This blog is for everyone who uses words.

The ordinary-sized words are for everyone, but the big ones are especially for children.



Friday, 1 January 2016

Word To Use Today: calennig.

A calennig is a Welsh New Year present, often given to or made by children.

You can make a calennig yourself quite easily: all you do is get an apple or an orange, poke in three sticks to make legs, stick in some cloves (and dried fruit, oats, nuts or wheat, apparently, though surely a raisin or a date is too squidgy to stick into an apple) and then you put a spray of greenery (probably thyme or rosemary, or holly or box) in the top. And that's it. A calennig.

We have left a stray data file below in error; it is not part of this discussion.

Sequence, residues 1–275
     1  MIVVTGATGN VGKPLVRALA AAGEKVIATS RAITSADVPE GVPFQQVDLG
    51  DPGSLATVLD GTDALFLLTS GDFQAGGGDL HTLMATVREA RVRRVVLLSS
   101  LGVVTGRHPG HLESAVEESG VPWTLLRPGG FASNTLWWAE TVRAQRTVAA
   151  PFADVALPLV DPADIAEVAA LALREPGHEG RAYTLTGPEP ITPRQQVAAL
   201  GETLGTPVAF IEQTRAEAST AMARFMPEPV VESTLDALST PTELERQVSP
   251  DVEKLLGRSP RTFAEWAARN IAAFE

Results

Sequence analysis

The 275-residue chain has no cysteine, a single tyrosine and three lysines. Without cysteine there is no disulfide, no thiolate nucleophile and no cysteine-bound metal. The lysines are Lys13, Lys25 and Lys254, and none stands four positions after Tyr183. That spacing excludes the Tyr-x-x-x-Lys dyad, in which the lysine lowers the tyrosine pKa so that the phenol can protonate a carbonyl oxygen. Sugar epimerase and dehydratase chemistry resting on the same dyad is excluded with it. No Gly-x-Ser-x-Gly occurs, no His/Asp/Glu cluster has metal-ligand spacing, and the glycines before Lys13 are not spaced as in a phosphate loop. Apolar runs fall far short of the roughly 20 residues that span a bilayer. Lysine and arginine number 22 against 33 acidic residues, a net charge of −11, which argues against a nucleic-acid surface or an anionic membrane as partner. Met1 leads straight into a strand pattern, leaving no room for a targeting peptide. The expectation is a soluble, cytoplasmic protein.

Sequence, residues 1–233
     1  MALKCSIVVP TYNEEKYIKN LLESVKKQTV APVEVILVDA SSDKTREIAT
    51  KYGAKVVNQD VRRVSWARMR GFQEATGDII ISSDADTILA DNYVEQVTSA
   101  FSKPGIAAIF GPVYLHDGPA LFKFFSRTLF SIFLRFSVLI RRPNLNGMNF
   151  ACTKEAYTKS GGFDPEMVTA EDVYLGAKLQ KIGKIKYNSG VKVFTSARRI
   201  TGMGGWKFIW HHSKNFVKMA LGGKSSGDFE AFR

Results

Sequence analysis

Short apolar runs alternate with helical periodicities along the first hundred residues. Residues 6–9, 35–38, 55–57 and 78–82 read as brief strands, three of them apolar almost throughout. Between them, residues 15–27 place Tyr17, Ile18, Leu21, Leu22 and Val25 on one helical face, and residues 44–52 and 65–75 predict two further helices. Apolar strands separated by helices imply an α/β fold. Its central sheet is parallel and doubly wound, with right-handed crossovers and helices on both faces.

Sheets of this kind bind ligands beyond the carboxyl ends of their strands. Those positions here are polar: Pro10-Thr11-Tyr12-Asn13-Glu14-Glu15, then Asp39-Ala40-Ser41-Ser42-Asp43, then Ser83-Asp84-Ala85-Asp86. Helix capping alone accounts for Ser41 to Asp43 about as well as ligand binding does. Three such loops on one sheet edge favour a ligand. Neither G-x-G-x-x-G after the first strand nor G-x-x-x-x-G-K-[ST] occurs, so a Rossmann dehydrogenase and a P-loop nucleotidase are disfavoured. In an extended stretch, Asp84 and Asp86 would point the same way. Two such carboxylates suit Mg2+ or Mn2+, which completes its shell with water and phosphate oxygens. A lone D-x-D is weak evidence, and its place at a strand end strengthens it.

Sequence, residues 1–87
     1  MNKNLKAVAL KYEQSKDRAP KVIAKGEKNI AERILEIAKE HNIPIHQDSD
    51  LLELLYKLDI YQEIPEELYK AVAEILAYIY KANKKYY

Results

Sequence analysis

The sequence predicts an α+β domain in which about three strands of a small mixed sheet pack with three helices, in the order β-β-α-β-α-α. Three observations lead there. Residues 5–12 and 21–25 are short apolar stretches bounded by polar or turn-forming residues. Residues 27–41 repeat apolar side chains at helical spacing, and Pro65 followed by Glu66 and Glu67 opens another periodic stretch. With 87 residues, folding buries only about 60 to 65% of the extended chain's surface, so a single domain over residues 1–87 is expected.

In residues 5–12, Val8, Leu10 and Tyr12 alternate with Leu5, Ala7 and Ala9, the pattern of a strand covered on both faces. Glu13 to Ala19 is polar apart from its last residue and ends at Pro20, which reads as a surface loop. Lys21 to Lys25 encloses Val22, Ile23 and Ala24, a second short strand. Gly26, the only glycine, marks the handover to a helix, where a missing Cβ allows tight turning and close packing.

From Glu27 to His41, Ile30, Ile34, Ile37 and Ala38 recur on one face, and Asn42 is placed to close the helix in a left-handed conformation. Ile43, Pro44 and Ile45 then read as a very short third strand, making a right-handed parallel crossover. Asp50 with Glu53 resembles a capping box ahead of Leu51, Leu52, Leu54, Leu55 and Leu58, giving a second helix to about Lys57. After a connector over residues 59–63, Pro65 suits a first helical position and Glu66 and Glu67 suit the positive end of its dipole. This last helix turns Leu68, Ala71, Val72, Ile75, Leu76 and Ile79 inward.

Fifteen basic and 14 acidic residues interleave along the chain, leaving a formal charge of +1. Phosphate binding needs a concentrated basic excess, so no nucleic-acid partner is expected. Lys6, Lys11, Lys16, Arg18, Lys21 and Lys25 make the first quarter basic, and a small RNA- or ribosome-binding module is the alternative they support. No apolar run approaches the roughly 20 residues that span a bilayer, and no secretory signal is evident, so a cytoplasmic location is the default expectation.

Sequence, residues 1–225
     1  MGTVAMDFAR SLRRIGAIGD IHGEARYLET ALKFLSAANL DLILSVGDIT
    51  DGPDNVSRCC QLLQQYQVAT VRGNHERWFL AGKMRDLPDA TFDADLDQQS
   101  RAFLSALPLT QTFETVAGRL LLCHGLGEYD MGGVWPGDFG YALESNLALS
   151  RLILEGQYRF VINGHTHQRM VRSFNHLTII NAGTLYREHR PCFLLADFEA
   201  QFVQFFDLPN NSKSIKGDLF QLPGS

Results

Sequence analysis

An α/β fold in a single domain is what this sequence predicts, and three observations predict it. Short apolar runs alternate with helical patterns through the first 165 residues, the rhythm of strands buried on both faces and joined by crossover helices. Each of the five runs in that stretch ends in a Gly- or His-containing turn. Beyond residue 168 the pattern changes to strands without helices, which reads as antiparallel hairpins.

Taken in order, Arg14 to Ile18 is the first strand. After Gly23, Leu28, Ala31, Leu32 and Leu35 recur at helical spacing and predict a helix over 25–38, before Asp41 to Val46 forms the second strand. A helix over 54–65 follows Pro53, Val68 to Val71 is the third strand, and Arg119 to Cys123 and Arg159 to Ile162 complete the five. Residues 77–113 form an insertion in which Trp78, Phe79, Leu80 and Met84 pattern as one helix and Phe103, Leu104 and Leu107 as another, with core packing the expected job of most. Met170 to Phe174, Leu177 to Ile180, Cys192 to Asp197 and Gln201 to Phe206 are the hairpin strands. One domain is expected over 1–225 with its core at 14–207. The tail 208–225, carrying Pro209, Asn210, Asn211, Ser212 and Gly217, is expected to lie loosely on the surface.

You then can either put it on the windowsill to bring luck to the house, or you can give it to friends or family to give the luck to them. Or you can go really old-fashioned and carry one from house to house in the hope of being given sweets or cakes or even a cup of beer,

Dydd calan yw hi heddiw, 

you might say as you go:


Rwy'n dyfod ar eich traws
I'mofyn am y geiniog
Neu grwst a bara a chaws.

Today is the start of the New Year, and I have come to ask for coins, or a crust and bread and cheese.

And you know something? 

I might even try it, to see if it works.

Word To Use Today: calennig. This Welsh word means first day of the month. It comes from the Latin kalends and is related to the English word calendar,

NB: Charmingly, the Welsh village of Cwm Gwaun is still working on the Julian Calendar as far as its calennig celebrations go, and so they're held on January 13th.

Happy New Year to you, whenever it may fall.

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